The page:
Another night, another victory (followed by crushing defeat).
The nice thing about our most recent war-dec / war-shield shenanigans is that we know on exactly what night we will be able to fight, which makes organizing the Corp and having people online a little easier, and also eliminates the whole cloaked-and-afk thing. Last night was another such night, and it was a hell of a time.
Intel revealed that when outnumbered, our enemies would bring out battleships to try and over-power what they would expect to be lesser ships (either due to cost or simply our pilots being new and not skilled enough to fly anything that big). Our plan was to lure them into thinking we would at best field a few battlecruisers, and once they had committed to the fight, spring our trap.
Sure enough two enemies in battleships engaged our bait Drake, and stayed on the field when we sent in a few other BCs and frigates (first month pilots). As the tank of our Drake was breaking, we undocked our battleships. I was in an ECM Scorpion, and we also had an Armageddon and a Dominix. Though it took a few cycles, my ECM eventually jammed both enemies, allowing our Drake to warp away and avoid destruction. At the same time, everyone began raining death on the enemy Megathron, and before long he was in deep armor.
Both of their ships stopped firing in an attempt to dock back into the station once the aggression timer was off. The order to overheat guns was given, and the Mega popped just in time. I don’t believe we even got a single volley off on the second battleship before his timer was up and he docked inside the station, revealing just how close we came to missing out on the kill. Along with scoring the wreck, we learned the valuable lesson of bumping a target off the station, and how things might go when fighting around a station or gate.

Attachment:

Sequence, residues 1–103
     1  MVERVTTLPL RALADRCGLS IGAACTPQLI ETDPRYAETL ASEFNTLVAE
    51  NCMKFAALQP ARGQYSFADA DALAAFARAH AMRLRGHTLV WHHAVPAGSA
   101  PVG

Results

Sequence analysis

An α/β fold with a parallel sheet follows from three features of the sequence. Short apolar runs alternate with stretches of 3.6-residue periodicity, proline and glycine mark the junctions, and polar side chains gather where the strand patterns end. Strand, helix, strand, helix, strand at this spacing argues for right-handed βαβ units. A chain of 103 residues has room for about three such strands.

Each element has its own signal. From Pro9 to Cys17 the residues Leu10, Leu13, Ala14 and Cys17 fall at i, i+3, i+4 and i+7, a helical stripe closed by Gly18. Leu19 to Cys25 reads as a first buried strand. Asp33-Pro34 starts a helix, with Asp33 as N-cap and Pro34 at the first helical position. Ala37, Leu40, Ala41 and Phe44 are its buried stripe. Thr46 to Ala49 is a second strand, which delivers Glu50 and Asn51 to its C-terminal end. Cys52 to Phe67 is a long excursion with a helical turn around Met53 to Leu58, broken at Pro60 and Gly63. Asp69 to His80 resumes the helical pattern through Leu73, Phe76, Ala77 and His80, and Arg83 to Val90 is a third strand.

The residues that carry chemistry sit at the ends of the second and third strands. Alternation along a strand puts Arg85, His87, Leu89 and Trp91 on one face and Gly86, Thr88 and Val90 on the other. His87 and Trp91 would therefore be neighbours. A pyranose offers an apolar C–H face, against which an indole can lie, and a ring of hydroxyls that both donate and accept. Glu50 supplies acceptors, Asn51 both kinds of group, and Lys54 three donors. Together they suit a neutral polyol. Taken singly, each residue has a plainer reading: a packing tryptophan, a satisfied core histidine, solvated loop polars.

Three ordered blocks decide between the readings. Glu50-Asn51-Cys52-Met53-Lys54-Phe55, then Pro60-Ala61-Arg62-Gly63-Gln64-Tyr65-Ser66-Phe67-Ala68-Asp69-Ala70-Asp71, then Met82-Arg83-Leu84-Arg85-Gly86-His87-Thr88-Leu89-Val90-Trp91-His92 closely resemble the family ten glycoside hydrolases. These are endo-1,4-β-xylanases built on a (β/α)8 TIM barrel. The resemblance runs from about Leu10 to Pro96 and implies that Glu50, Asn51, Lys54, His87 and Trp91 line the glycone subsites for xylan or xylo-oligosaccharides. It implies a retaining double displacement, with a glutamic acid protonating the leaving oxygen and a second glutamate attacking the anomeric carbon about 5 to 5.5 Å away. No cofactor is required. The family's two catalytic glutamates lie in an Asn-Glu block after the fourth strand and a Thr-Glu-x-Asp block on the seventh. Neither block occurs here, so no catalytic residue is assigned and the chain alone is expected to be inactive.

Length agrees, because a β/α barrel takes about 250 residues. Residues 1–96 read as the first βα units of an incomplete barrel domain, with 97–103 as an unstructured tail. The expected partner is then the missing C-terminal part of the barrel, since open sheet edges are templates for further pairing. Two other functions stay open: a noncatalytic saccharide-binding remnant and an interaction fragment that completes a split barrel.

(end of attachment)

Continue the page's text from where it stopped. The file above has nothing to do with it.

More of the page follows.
After this fight I was pretty sure our enemies would not engage us again, having seen our force and knowing they could not match it. Two others were at a different station (I had expected them to join in on the earlier fight), and would occasionally undock, take some fire, and dock back up (again, bumping would have helped here). As this waste of ammo was going down, I got a convo invite from the CEO of another Corp who was also at war with our enemies. Seems they also had a fleet of about 8-9 pilots in the system looking for a fight. We merged fleets, although now it was certain our common enemies were done for the night.
But we had 16 or so pilots all in a fleet, all in PvP ships, so why not find some trouble, right? That pirate system with the carrier was nearby, and we had nothing better to do.
We repeated our bait strategy from last time, with all but three members of the fleet on the other side of a gate. And just like last time, the pirates responded quickly. Four ships were on the gate almost immediately, and before our fleet could even jump in, one bait ship went down. In response, our fleet managed to blow up a Megathron battleship. After this however things got ugly.
As expected, a carrier soon arrived. And then unexpectedly, a second. Along with some logistics ships and a few more battleships, all in less than a minute since our initial arrival into the system.
It was at this point that I started semi-panicking (read: total panic), calling out one target while I actually shot at something else, and completely losing track of how we were doing. Our overall focus fire was horrible, and this allowed the enemies to easily repair anyone who took too much damage. And since our new friends were not in Vent with us, when they all jumped back through the gate, it took us a few seconds to realize it, resulting in a few extra ships lost.
I always laugh when people describe the PvP in EVE as ‘boring’ or ‘simple’. Sure, targeting someone and firing your weapons on them is indeed simple, but that has almost nothing to do with the skill it takes to do well. This fight made it very, very clear I have a LONG way to go to even be a remotely competent FC, and the night overall was a series of lessons in tactics, mechanics, and fleet composition.
And along with being education, it was a hell of an adrenaline rush.
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